Visual Rhetoric, September 9th, 2013
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Visual Rhetoric, September 9th, 2013

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    Visual Rhetoric, September 9th, 2013 Visual Rhetoric, September 9th, 2013 Presentation Transcript

    • TODAY 1) Icebreaker (one…more…time!) 2) A Re-C.R.A.P. 3) The Logo Re-design: some strategies you might take 4) Activity Corner with Max Burnside 5) Homework
    • Icebreaker Tell us your name and your favorite color (and, briefly, why).
    • Visual Fun This doesn’t pulse like the last one, but I wanted to give you another cool visual design trick here today. On the next slide, you’ll see two dots (and a weird image, and a white space). Stare at the dot in the middle of the image for 30 seconds, then shift your gaze to the other dot.
    • AND A BRIEF RE-C.R.A.P.
    • Contrast Basically stated, contrast means that things that are similar look similar but things that are different look clearly different. This keeps your reader from becoming confused and creating relationships that aren’t present. It comes, of course, from literal contrast, the light-to-dark or black-to-white of an image. In design it often ends up being about color values.
    • Repetition Maybe the easiest of these four concepts to define, repetition is, just as you’d guess, repeating something– a color, a logo, a typeface, a type style. It unifies and organizes.
    • Alignment Alignment is about positioning on a page. Nothing should be put on haphazardly. There should be a reason and a measurement that guides where things are placed in relation to each other.
    • Proximity Proximity is very similar in theory to alignment, but it’s more about grouping and use of white space. Basically: similar things are grouped together, different things require space.
    • And now that logo assignment As you know, on September 23rd , you will be turning in your first major assignment for class: a new mascot and logo design for the Washington Redskins football team. I want to give you some time today to think about that assignment, and in a minute Max is going to show you some basics you might use for your reworking. But first… a reminder of what you have to do.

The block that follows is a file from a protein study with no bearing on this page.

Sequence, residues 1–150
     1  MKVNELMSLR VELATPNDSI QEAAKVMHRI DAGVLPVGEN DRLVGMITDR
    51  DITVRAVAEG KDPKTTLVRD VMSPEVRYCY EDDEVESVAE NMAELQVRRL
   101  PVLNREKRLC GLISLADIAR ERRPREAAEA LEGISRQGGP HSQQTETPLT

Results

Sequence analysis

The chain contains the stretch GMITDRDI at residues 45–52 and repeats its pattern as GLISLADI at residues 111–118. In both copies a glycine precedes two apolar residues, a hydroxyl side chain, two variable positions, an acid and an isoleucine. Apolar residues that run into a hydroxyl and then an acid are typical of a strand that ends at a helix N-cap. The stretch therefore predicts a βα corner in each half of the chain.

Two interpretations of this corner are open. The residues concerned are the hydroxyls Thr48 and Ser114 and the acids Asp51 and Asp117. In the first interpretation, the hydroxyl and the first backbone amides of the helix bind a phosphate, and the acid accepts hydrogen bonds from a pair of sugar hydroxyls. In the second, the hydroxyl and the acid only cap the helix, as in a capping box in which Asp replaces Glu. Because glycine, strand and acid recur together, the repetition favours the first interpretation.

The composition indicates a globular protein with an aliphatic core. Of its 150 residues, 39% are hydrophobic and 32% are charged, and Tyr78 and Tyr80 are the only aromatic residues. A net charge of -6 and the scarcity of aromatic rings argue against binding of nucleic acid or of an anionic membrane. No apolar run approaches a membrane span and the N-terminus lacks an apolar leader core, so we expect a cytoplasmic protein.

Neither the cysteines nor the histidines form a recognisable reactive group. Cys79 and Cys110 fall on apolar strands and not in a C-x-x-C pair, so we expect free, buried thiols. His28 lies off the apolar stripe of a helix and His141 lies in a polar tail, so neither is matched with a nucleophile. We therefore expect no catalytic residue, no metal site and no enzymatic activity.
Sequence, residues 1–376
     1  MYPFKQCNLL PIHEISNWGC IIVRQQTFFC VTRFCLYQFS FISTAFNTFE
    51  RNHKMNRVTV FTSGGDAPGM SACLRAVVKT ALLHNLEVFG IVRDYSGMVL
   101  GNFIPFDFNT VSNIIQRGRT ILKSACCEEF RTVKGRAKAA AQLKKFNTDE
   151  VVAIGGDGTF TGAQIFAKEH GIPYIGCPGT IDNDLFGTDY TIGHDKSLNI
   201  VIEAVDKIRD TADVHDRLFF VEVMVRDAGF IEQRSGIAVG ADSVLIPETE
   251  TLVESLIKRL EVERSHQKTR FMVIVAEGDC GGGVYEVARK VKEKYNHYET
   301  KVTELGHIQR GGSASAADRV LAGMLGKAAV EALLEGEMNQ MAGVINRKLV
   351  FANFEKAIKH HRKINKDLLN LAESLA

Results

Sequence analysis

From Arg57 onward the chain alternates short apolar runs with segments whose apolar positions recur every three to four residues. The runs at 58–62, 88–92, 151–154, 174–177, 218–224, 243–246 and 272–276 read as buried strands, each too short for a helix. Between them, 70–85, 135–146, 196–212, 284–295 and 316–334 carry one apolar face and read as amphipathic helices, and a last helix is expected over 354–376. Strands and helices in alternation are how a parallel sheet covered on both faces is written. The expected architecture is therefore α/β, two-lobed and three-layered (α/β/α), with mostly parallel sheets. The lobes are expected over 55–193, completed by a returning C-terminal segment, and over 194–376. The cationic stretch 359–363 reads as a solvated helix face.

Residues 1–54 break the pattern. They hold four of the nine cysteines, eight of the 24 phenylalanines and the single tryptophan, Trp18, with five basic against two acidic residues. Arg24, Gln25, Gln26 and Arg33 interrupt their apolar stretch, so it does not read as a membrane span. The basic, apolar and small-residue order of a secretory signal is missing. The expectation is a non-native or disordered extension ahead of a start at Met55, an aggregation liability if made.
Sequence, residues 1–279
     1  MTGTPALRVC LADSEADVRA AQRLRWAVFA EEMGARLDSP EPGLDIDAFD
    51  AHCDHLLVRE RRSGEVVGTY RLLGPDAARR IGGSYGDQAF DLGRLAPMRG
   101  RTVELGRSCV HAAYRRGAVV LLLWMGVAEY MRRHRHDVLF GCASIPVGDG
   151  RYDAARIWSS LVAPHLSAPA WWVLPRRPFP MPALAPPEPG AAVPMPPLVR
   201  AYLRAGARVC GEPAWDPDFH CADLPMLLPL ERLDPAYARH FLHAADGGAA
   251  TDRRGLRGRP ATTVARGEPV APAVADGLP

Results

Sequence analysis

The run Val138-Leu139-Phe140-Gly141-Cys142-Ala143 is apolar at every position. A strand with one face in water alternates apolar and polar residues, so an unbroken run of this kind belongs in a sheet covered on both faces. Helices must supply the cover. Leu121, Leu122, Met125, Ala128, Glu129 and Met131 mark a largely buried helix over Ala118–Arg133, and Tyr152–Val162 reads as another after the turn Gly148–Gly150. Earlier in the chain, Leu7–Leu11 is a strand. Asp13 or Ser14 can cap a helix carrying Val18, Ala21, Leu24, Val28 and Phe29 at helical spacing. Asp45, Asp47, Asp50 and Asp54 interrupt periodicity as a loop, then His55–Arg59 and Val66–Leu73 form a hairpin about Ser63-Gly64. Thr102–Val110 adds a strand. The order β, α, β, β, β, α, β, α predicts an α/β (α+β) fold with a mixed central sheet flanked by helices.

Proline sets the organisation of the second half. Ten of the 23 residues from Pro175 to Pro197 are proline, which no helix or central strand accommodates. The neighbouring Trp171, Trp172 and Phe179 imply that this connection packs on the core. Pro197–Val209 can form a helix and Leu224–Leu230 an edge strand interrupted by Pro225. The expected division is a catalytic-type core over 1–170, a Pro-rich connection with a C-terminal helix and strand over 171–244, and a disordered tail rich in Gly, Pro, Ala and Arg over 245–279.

• The task For the final submission, you should send me a completed, colored logo with a written memo of approximately 500 words explaining your choices. You will also submit with this project a shorter, 200 word or less, cover letter to the team “selling” your new logo and mascot.
    • One element… …you really want to think about is why the current logo is problematic. So here are a few looks at the main logo, the logo in action, and some of the Redskins secondary logos.
    • And a reminder…
    • A consideration… I am sure some of you might not find the Redskins logo, or the old Miami Redskins logo, all that problematic. What I would urge you to do in this situation is to submerge yourself in the rhetorical nature of the occasion. Some people will not be offended, of course. This is almost universally true of anything you might do; there will be some who don’t think it’s a big deal. But when designing a mascot and logo, it’s important to think about the ENTIRE audience. Why, then, is the Redskin a problem?
    • A word on methods… There are a number of ways to make your own logo. Max is going to show you some design work here in a moment. But another thing you might do is collect elements from elsewhere and sort of “kitbash” them, in the DIY sense, or “Voltron” it, so to speak.
    • And then…
    • Max Now Max is going to show you some less-tongue-in-cheek design stuff. I’ll yield the floor to him until the end of class, wherein I will remind you of your homework.
    • On Wednesday In class we will work within In-Design on a flier. I will bring you the source material to class, and we’ll have roughly an hour to work (after some quick discussion). It’ll be your last chance, so…..
    • And… Work on the In-Design tutorial!
    • Homework Read for class on Wednesday: Kimball & Hawkins Chapter 2, Golombisky & Hagen Chapters 1-3, and Missy is Missing Come ready to In-Design it up. Really, I’m so not kidding. BE PREPARED!